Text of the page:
Area Forecast Discussion
Issued by NWS Mt. Holly, NJ

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353 FXUS61 KPHI 252047 AFDPHI Area Forecast Discussion National Weather Service Mount Holly NJ 347 PM EST Sat Feb 25 2017 .SYNOPSIS... In the wake of the strong cold front moving through our region Saturday afternoon, cooler air will settle in over the region. High pressure then builds south of the region on Sunday before moving offshore on Monday. Low pressure approaching from the west will lift a warm front through the region on Tuesday. The aforementioned low will propagate from the Great Lakes region into eastern Canada. The associated cold front will move through Wednesday night or Thursday. A quick moving low pressure system will slide over the Mid Atlantic at the end of the week. && .NEAR TERM /UNTIL 6 AM SUNDAY MORNING/...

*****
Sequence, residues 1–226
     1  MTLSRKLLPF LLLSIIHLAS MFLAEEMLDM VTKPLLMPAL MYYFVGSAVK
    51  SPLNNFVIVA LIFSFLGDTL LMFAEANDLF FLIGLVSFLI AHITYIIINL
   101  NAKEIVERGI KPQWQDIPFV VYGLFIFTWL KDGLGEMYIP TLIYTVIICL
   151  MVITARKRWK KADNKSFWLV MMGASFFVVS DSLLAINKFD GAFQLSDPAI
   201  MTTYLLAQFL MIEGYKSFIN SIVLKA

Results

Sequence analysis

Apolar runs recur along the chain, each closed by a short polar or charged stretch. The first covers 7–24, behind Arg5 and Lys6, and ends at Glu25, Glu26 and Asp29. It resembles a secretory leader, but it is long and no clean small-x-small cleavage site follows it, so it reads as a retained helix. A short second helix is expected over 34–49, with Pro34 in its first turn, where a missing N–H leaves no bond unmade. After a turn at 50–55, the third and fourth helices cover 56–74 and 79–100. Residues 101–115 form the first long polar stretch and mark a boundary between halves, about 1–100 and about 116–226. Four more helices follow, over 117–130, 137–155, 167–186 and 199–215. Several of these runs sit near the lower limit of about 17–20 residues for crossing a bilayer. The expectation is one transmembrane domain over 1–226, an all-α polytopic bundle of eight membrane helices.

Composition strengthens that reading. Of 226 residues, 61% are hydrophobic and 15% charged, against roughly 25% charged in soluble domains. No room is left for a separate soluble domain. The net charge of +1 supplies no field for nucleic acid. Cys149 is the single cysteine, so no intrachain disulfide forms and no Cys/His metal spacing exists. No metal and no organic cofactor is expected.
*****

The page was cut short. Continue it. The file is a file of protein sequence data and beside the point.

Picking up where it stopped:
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345 pm update: Severe thunderstorm watch 39 expanded to include Sussex County, DE, and the lower portion of Delaware Bay. Previous discussion below... Negatively-tilted trough is approaching the Northeast this afternoon with considerable large-scale ascent present from the Carolinas northward to New England, thanks in large part to strong differential cyclonic vorticity advection downstream of the trough axis and enhanced upper-level divergence via jet coupling. The warm sector has destabilized more than forecast this afternoon, with SBCAPE exceeding 1000 J/kg in much of the CWA south of I-76. With very strong shear profiles present (effective bulk shear 50+ knots; 0-1 km SRH ~100-150 J/kg), environment is quite favorable for severe storms generally along and west of the Delaware River this afternoon pushing toward the coast this evening. The orientation of the deep-layer shear vectors is generally parallel to the cold front approaching the East Coast this afternoon. However, the strength of the low- level shear and the increased CAPE from afternoon surface heating has enabled more of a mixture of line segments and discrete cells as the storms have progressed eastward. This has increased the hail and tornado threat with the storms somewhat, particularly south of the I-76 corridor. As storm interactions continue and large- scale ascent continues to increase, cold pool interactions should become more pronounced, and convection is expected to congeal into a larger, more contiguous line, which should make damaging winds the primary threat as the event wears on. This process already appears to be occurring with storms along the PA/MD border, for example. Severe threat is generally lower for the counties immediately adjacent to the Atlantic, as trajectories from the cooler ocean waters have limited surface heating considerably. High- resolution models continue to show a rapid diminishing trend in convection as storms move east of the Delaware River this evening. Cold front will move through the CWA this evening, with storms exiting the area by 03Z or shortly thereafter. Winds will quickly veer to westerly and become gusty after frontal passage. Temperatures will plummet behind the front, with temperatures expected to bottom out in the middle 20s in the southern Poconos to the middle 30s along the coast.